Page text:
FTSE350 Pension deficits increase by over £10bn over August

FTSE350 Pension deficits increase by over £10bn over August

FTSE350 Pension deficits increase by over £10bn over August

The FINANCIAL -- Mercer’s Pensions Risk Survey data shows that the accounting deficit of defined benefit (DB) pension schemes for the UK’s 350 largest listed companies increased from £71bn at the end of July to £83bn on 31 August 2017.

At 31 August 2017, liability values increased by £27bn to £855bn compared to £828bn at the end of July. Asset values were £772bn (an increase of £15bn compared to the corresponding figure of £757bn at the end of July 2017).

Le Roy van Zyl, a strategic advisor and Partner at Mercer, added: “Unfortunately the run of good news ended over August with the deficits increasing again materially, albeit still far off the painful numbers we saw a year ago in the aftermath of the EU referendum.” 

With the Brexit negotiations now underway in earnest, there is considerable scope for people’s expectations to be frustrated, and the setback above may well be partly due to the general uncertainty. Pension scheme trustees and sponsors will need to be prepared for the fluctuating circumstances, not only in terms of scheme finances and risk, but also around the challenges of making effective decisions against this uncertain backdrop. A range of outcomes are possible and it is key that schemes work through some scenarios to establish whether there are material dangers under any of them to the scheme. If there are, they need to work together to identify and put in place pragmatic mitigating measures”.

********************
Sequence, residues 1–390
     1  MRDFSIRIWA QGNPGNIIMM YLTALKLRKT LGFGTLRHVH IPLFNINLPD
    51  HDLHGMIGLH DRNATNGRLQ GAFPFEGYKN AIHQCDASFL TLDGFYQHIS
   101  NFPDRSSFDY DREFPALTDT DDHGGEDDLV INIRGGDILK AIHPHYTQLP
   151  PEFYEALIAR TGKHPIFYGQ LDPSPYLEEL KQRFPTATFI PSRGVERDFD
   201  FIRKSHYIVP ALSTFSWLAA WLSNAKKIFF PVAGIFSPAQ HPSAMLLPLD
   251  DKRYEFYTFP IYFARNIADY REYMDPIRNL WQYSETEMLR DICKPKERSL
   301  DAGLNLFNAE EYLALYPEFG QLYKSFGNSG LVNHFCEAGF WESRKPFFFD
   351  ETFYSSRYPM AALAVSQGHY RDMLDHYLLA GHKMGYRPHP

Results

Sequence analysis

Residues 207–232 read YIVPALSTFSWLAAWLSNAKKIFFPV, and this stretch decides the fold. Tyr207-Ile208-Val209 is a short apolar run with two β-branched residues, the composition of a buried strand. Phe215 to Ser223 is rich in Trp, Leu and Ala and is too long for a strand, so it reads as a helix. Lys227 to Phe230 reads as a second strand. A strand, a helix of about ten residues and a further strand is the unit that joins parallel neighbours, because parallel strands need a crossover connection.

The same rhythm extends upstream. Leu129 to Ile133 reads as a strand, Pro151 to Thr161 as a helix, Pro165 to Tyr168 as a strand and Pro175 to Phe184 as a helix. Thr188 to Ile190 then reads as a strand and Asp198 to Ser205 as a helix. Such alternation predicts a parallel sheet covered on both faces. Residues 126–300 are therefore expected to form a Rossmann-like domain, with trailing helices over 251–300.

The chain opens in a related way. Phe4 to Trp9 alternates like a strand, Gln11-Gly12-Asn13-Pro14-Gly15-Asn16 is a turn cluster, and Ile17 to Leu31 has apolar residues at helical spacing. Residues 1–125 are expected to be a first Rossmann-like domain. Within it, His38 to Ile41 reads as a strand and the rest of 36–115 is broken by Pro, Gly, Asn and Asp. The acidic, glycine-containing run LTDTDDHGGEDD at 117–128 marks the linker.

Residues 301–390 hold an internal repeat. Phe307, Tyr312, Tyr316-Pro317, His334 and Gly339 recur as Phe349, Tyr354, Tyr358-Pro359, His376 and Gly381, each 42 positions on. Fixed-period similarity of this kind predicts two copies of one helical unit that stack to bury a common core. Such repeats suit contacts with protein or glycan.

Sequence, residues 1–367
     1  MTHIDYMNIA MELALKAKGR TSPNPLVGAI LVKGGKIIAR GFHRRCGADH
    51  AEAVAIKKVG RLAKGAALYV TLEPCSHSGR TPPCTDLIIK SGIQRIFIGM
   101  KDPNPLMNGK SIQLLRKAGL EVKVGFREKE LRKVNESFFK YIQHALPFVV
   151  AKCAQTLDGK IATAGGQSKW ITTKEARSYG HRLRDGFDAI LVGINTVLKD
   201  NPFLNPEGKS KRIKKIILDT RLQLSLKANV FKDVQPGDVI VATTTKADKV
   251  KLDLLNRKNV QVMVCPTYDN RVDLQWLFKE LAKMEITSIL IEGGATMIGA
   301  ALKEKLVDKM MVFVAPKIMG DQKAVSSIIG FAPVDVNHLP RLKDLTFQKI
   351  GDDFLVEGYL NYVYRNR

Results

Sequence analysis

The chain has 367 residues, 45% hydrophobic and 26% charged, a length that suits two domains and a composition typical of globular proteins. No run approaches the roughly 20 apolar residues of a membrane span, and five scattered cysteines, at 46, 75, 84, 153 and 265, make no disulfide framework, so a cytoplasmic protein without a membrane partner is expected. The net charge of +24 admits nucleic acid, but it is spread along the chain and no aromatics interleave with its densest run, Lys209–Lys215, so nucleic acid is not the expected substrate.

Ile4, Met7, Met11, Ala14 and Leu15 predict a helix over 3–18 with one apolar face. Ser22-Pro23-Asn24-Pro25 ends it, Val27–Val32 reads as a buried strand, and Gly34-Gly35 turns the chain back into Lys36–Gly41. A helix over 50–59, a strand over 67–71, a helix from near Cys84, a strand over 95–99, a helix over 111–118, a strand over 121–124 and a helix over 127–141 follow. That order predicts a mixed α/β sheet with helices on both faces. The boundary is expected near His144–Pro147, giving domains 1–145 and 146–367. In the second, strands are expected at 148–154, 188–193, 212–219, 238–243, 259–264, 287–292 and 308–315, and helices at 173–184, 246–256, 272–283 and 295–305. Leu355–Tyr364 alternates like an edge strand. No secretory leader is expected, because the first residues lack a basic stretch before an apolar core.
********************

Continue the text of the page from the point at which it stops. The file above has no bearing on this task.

Mercer’s data relates to about 50% of all UK pension scheme liabilities and analyses pension deficits calculated using the approach companies have to adopt for their corporate accounts. The data underlying the survey is refreshed as companies report their year-end accounts. Other measures are also relevant for trustees and employers considering their risk exposure. But data published by the Pensions Regulator and elsewhere tells a similar story, according to Mercer.